High-key β€” or what’s possible with a single speedlight

Learn how to light full-length, high key portraits with a single bare speedlight!

Highkey with a speedlight

In a recently given workshop about high-key photography I tried to push the limits of a single speedlight a bit. The task was to light a full-length, high key portrait in the studio with a single speedlight and without a light-former. But first of all, here’s the result:

Highkey with a speedlightAs you can see, the light flooded over my model quite a bit β€” shooting the “traditional” way using multiple lights, I would have made sure to stop that. But with a single speedlight I lived with it.

My model Angela stood about 2.5m in front of the white seamless on two painted wooden boards (hence the slight reflection). My speedlight, a Yongnuo YN-560, I placed directly behind Angela on the floorΒ and pointed it at the background. To be on the safe side, I wrapped the speedlight in a sheet of white paper β€” better safe than sorry!

The Yongnuo was triggered wirelessly at full power and at its widest spread (17mm). To bounce light back on my model, I placed two reflector boards just outside the frame in front of her and photographed right through the gap between them. In fact, they were a bit in the frame and I cloned them out later. I used foamcore, so they have to be quite close. If you use silver reflectors you get more light bounced at the model and you can get further away with them.

Here’s the lighting diagram:

Highkey setupI set the camera to 1/125 second, f/4 at ISO 160. If I needed a smaller aperture, I could have easily cranked up my ISO. Shooting a more-or-less white scene, you won’t see any noise, because noise appears primarily in the darker tones of the image.

If you shoot in a very small room, like a basement or a living room, you probably can get away even without the reflector boards β€” with this setup you fill the whole room with light, which oftentimes is more than enough. Just give it a try! And if you have any questions, feel free to ask!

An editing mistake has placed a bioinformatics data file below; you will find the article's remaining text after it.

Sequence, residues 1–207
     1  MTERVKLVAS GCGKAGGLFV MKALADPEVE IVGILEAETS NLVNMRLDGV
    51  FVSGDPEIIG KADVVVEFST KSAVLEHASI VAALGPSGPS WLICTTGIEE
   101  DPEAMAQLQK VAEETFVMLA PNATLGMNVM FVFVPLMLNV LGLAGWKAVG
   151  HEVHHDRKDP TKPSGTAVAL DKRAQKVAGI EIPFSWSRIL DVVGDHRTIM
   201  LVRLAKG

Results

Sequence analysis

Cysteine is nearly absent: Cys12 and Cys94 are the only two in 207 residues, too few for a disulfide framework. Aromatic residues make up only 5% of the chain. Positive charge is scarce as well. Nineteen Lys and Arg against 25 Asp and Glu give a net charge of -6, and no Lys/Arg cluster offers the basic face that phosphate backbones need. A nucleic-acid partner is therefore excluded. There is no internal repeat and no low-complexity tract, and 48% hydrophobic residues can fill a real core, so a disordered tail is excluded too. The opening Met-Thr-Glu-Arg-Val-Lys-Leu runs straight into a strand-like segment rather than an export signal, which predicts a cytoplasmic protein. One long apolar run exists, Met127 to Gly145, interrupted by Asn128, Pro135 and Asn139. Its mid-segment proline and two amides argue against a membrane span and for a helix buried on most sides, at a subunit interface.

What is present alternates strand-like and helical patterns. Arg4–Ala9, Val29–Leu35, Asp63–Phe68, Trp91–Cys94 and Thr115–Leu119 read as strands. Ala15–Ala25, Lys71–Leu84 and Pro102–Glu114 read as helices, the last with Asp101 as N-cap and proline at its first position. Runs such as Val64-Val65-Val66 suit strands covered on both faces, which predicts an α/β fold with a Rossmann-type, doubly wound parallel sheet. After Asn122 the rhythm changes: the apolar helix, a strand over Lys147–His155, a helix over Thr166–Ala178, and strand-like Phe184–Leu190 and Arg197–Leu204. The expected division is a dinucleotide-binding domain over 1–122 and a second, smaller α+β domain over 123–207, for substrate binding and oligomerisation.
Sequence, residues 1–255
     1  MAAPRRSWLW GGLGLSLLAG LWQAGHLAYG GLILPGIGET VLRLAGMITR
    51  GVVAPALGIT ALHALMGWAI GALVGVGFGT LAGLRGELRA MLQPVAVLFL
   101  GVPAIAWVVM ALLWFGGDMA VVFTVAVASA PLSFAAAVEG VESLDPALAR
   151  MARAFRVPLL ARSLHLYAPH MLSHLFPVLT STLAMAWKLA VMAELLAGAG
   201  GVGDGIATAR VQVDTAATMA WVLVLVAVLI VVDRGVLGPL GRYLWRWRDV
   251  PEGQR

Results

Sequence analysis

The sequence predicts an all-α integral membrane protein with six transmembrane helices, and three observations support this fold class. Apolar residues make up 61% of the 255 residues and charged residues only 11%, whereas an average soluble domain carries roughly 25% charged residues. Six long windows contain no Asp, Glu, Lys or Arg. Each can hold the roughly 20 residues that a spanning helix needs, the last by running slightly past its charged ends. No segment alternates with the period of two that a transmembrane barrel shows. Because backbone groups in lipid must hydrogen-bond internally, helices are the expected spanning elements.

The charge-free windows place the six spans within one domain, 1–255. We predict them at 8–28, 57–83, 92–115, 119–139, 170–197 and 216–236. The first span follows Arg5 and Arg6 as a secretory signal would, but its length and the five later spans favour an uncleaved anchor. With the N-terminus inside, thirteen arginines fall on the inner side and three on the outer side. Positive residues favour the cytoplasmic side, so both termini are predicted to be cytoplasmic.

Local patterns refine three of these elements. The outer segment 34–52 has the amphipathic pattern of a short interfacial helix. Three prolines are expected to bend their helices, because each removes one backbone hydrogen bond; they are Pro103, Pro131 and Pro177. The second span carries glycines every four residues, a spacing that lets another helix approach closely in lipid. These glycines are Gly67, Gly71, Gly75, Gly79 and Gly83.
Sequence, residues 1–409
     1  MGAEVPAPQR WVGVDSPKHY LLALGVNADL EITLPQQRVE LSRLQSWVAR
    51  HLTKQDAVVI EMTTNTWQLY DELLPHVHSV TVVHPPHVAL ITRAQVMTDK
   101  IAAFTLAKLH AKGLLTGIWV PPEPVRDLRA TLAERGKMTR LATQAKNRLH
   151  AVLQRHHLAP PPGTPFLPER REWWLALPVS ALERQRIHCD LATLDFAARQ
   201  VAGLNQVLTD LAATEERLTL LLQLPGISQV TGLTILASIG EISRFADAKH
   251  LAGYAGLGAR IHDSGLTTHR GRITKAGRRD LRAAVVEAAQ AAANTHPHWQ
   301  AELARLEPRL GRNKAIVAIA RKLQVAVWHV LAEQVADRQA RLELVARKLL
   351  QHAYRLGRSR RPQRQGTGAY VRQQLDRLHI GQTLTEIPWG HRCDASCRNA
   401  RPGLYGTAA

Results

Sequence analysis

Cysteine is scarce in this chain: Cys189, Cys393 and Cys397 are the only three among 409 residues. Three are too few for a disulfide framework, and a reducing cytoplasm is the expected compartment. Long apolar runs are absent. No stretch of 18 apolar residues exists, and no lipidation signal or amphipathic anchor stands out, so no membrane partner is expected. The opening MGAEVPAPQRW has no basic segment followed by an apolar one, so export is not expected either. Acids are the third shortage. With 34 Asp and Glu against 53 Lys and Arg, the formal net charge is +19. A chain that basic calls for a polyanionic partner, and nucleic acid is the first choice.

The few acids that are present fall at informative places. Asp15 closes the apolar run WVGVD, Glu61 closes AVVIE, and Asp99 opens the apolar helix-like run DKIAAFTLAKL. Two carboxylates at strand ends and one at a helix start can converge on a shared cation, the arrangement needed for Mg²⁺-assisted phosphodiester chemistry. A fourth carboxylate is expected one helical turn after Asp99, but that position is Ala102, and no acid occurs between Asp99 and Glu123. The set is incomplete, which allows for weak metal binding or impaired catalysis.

– Martin –

  • Yo

    Did you get any hot spot on the background?

    • Martin

      Hi Yo, what exactly do you mean? If the background got too hot? Yes, in this case I didn’t care about keeping some detail in it (usually when shooting for print, I try to stay in an area about 245, 245, 245). If you mean, if I got some vignetting on the background the answer is no. As written, I set the flash to 17mm which gave a nice wide spread.

  • RGomezPhotos

    Excellent. I love examples that are relatively cheap to produce and create expensive looking results. Great portfolio too!

    • Martin

      Thank you! I’m glad you like my work! πŸ™‚

  • Lollus

    Very nice, thanks!

    • Martin

      You’re very welcome!

  • Kevin Davies

    Hi there,
    in regards to the backdrop that was used for this shoot, what sort of weight did it have?
    I see the model has heels on but I am finding that the vinyls I have used in the past the models heels go straight though this. Can you recommend a solution??

    • Garry Tyler

      I do all my studio work on a heavy duty 750gsm vinyl backdrop and provided its on a solid flooring then i have no issues with it.

    • Martin Ziaja

      Hi Kevin, it’s a plain white paper backdrop which lays on a wooden floor. But I used thin white painted boards (like the back of cupboards) under her to get this slight reflection.

  • Very easy and effective light system. Thanks for advice.